Howard Glazer, Ph.D., a clinical professor of psychology and obstetrics and gynecology at Cornell University Medical College in New York City, uses biofeedback to treat vulvodynia. He explained that many women with this disorder also have unstable pelvic floor muscles, which can cause the vulvar area to become hypersensitive, inflamed, and painful.
Biofeedback treatment for vulvodynia allows women to heal themselves by strengthening and stabilizing these muscles as they monitor their own progress. Glazer's method involves inserting a sensor, which is attached to a biofeedback instrument, into the vagina. The instrument then directs patients when to vaginally squeeze and release the sensor, and provides feedback about the strength of each contraction and the amount of tension in the muscle when it is relaxed. This exercise, performed daily, stabilizes pelvic floor muscles and diminishes pain. After nine months, all women using this method improved to some degree, and half are pain-free.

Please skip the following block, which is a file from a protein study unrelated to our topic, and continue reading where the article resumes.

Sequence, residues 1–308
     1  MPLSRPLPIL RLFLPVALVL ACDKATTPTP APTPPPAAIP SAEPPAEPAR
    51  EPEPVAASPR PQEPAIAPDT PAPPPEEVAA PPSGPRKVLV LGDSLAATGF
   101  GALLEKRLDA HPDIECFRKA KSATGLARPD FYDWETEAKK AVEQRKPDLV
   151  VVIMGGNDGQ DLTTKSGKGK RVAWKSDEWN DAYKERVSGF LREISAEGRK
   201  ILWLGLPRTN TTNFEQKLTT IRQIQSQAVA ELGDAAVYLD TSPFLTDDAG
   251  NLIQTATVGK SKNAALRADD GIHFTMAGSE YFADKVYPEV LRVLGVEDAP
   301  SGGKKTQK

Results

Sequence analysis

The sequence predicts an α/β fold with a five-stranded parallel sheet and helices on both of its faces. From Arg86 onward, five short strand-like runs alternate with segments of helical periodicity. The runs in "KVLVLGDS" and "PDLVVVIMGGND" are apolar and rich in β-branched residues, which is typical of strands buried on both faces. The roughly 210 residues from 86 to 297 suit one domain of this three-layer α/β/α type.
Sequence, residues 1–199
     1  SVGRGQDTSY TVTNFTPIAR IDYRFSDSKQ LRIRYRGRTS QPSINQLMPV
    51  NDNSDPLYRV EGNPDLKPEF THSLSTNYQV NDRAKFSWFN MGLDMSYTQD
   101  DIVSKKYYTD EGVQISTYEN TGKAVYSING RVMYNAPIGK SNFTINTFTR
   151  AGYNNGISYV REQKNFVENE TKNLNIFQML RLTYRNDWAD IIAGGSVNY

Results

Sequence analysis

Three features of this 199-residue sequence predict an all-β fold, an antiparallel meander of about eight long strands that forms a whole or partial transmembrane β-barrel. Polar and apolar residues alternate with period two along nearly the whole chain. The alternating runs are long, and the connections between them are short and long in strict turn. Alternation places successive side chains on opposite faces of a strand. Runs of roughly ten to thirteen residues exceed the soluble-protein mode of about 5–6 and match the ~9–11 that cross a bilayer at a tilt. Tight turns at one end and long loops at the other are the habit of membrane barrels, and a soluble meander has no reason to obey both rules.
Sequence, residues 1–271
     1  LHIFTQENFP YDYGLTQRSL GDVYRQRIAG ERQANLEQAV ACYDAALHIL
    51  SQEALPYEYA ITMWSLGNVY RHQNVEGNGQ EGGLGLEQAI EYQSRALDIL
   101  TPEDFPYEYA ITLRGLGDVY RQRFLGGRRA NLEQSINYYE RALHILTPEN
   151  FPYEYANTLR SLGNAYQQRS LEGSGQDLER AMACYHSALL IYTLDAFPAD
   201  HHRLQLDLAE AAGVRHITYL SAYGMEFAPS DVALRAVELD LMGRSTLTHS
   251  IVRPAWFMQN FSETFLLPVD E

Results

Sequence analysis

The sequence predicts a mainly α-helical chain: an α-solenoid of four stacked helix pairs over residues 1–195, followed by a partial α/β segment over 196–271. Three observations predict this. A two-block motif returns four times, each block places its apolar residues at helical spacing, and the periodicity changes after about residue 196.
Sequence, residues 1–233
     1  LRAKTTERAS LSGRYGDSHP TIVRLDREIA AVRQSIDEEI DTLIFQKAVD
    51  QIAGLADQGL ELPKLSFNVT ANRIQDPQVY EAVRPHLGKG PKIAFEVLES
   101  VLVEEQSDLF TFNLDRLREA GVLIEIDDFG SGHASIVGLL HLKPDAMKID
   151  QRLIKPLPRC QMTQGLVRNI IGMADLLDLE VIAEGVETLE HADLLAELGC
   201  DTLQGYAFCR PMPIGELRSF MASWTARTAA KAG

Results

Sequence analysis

Now in Chicagoland a research study The Treatment of Vulvodynia with Acupuncture is in progress. Women ages 18 and older are invited to join study. This confidential study will measure the effectiveness of acupuncture in treating the pain and discomfort associated with this illness. Women who qualify will receive ten free acupuncture treatments over the course of a five-week period.
“Women are suffering in silence,” comments Judith M. Schlaeger, CNM, LAc, who developed the study. A certified nurse midwife and licensed acupuncturist who describes vulvodynia as a disease of epidemic proportions. “Western medicine is at best ‘hit or miss’ in treating vulvodynia,” she explains, referring to treatments such as botox injections, estrogen and lidocaine creams, antidepressants, and even surgery.
The promising results of an earlier study convinced Schlaeger that acupuncture can successfully treat vulvodynia. However, studies with larger groups are required to quantify these findings. Traditional Chinese Medicine considers a blocked qi to be the source of chronic pain, and it is the block in the genitals. "Placing needles in certain acupuncture points of the body helps to unblock the qi, allowing it to flow smoothly” says Schlaeger who trained in both Western and Eastern medicine. With a unique approach to treat vulvodynia, Schlaeger feels that her perspective is unique, and it is her duty to perform this study.
To join or learn more about the study contact Schlaeger at (708) 334-1097, or the National Vulvodynia Association in Silver Spring, MD, telephone 301-299-0775.